The speaker at our meeting on 16th October was Caroline Holmes who gave a talk entitled “A Zest for Herbs”. Caroline is a well-known gardening author and lecturer who has written eleven books including works on garden history, studies of water lilies,  herbs and dung and books of general gardening advice. She has travelled widely giving lectures and speaking on cruises and giving tutorials.

Caroline started by giving us an opportunity to handle and smell a number of herbs  with examples of myrtle, rosemary, lemon-scented geranium, golden bay, rue, fennel, lemon verbena, lavender and thyme …

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This Month in the Garden – October 2018

Although much of the country has had useful amounts of rain,the drought continues in Bedford and we are likely to enter October with very dry conditions. Cooler weather and a little rain at the end of August and in September helped a bit and, at last, runner beans have started to produce an edible crop. The hot dry summer and the later date made finding entries to the Biddenham Show a challenge.  The fruit and vegetable sections both suffered with some classes very thinly represented and some not at all.  It was good to see quite a few people taking up the challenge however …
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“Garden Bugs”  Cohabit, Conserve or Control

We were pleased to welcome Dr Ian Bedford to our September meeting. Ian is head of the Entomology facility at the John Innes Centre in Norwich which is one of the UK’s leading Plant Science Research Centres. From a childhood interest in insects and butterflies Ian is now a leading expert in this field and he makes regular radio and TV appearances. During his 40 odd years at the John Innes Centre it has increased substantially in size and houses areas where native bugs can be studied as well as an area where insects from other parts of the world can be investigated and where a high level of quarantine must be maintained.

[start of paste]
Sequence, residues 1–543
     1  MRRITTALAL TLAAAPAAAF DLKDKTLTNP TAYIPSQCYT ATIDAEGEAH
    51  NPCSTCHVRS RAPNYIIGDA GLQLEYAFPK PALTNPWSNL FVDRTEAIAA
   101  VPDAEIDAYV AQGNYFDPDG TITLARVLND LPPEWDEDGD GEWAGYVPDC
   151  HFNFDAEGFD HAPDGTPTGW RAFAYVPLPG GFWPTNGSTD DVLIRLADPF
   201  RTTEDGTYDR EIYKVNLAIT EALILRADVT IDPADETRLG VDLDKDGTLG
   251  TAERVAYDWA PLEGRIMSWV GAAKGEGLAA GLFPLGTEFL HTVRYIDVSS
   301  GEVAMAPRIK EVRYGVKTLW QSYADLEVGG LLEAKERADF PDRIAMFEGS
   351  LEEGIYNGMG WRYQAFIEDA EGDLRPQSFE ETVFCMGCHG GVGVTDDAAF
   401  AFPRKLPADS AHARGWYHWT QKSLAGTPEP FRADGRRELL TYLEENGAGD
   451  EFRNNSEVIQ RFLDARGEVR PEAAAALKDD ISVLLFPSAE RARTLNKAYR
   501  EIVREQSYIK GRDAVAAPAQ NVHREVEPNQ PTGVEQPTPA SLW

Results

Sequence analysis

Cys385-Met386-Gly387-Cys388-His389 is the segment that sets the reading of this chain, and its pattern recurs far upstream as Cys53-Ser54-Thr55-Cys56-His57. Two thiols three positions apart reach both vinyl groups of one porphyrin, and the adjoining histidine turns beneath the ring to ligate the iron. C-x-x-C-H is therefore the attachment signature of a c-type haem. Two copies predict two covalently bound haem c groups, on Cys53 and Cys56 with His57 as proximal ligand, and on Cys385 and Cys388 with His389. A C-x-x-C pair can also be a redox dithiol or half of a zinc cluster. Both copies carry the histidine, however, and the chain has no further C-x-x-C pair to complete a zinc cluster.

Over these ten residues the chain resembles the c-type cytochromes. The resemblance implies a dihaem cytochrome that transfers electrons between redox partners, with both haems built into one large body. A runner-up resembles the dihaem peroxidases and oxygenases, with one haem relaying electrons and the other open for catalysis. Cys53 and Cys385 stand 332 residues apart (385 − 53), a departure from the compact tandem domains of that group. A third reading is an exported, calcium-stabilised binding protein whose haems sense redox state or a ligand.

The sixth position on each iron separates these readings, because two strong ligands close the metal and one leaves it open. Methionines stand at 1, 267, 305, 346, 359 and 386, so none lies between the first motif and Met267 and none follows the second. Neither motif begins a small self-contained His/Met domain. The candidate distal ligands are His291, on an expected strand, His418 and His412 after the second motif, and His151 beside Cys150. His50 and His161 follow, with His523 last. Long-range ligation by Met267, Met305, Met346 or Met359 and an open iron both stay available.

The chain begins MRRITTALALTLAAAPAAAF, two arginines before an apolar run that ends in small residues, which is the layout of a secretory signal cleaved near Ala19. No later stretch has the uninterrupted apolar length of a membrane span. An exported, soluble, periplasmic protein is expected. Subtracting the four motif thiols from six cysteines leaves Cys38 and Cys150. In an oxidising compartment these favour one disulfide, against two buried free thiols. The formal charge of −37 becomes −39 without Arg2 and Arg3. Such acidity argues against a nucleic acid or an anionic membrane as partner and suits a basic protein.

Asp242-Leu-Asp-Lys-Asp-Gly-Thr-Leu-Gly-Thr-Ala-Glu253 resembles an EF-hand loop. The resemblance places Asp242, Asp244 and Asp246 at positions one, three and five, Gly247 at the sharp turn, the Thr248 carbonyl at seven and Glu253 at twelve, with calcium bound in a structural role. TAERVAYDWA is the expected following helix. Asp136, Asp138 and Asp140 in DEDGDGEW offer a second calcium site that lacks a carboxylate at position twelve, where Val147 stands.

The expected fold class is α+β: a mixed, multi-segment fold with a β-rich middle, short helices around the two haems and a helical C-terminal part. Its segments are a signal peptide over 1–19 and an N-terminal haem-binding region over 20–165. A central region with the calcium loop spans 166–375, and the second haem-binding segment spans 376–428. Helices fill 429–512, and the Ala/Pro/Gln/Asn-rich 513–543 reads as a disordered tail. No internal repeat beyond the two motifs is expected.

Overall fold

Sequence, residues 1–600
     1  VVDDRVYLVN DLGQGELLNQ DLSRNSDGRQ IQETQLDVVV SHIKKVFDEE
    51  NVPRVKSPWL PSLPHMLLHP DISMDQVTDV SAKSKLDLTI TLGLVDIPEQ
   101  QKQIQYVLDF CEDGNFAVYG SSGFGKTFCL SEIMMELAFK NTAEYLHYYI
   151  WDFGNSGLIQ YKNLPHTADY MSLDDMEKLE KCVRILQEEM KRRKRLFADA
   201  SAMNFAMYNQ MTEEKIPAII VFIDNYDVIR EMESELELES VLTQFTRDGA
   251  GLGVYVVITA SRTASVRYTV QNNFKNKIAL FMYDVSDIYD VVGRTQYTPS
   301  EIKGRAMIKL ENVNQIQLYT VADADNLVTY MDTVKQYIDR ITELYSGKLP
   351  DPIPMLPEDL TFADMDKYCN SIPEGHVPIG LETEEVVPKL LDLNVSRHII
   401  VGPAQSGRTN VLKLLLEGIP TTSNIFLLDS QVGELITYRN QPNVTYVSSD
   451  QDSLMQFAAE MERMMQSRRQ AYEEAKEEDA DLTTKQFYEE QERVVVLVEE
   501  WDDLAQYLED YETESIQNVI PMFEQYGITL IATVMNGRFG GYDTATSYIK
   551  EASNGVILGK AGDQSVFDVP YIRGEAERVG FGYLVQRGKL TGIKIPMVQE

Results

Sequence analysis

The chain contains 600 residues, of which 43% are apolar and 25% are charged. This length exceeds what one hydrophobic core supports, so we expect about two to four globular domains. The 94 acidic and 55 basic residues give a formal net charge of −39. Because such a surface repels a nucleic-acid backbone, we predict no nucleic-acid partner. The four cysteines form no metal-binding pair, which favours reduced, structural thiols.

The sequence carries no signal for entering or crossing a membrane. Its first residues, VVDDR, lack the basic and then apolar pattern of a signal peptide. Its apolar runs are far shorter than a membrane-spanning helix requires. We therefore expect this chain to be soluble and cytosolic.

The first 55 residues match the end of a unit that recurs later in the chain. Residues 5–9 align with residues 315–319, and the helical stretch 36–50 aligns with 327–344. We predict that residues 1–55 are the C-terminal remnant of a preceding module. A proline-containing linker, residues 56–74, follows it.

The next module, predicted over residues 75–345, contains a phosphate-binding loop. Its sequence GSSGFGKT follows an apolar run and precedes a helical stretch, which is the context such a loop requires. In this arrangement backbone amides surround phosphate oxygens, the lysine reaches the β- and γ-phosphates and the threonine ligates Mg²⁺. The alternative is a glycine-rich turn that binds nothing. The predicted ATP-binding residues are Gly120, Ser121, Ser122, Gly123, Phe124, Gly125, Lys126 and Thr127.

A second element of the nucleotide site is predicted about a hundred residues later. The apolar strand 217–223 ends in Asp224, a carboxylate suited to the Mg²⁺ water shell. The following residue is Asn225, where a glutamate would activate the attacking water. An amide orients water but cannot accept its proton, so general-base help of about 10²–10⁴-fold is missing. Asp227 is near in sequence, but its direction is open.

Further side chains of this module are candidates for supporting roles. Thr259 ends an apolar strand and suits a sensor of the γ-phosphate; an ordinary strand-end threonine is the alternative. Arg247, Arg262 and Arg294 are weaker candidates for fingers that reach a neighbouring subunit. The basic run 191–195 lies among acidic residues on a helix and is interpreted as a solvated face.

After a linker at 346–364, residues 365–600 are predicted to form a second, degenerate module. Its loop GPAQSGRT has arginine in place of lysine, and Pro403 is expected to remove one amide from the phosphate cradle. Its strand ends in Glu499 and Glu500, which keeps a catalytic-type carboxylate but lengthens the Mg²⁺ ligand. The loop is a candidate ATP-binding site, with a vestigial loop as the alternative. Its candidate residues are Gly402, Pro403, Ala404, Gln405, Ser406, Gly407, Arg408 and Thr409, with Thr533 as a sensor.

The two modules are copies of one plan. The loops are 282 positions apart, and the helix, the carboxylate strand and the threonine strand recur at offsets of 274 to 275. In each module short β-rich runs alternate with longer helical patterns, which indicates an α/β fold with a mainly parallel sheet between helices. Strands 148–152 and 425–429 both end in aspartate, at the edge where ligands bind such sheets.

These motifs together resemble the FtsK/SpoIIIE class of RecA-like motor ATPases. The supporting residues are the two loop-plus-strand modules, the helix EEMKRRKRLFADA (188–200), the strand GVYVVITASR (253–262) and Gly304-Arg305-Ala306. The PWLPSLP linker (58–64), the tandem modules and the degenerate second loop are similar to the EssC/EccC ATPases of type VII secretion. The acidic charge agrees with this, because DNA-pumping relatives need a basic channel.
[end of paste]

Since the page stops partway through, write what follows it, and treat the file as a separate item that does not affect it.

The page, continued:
Research into insects from around the world is vital as many sap sucking insects transmit viruses. Ian cited the example of Cassava, a woody shrub native to South America and which is the staple diet of 50 million people – aphids can transmit diseases and decimate crops with devastating consequences for the population. However, we have to cohabit with insects and invertebrates as we share our lives with them in our homes and gardens. Continue reading

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BGA Annual General Meeting

The Biddenham Gardeners’ AGM was held in the Village Hall on 17th July.

The Chair reported on another successful year with a good variety of outside speakers and two meetings presented by our own members. There were outings to Ascott House near Leighton Buzzard in April and Deene Park, Leicestershire, in July. Attendance at meetings was slightly down on last year and the Committee are arranging a leaflet drop advertising the BGA to go to all the houses in Biddenham, including the King’s Field estate north of Bromham Road … Continue reading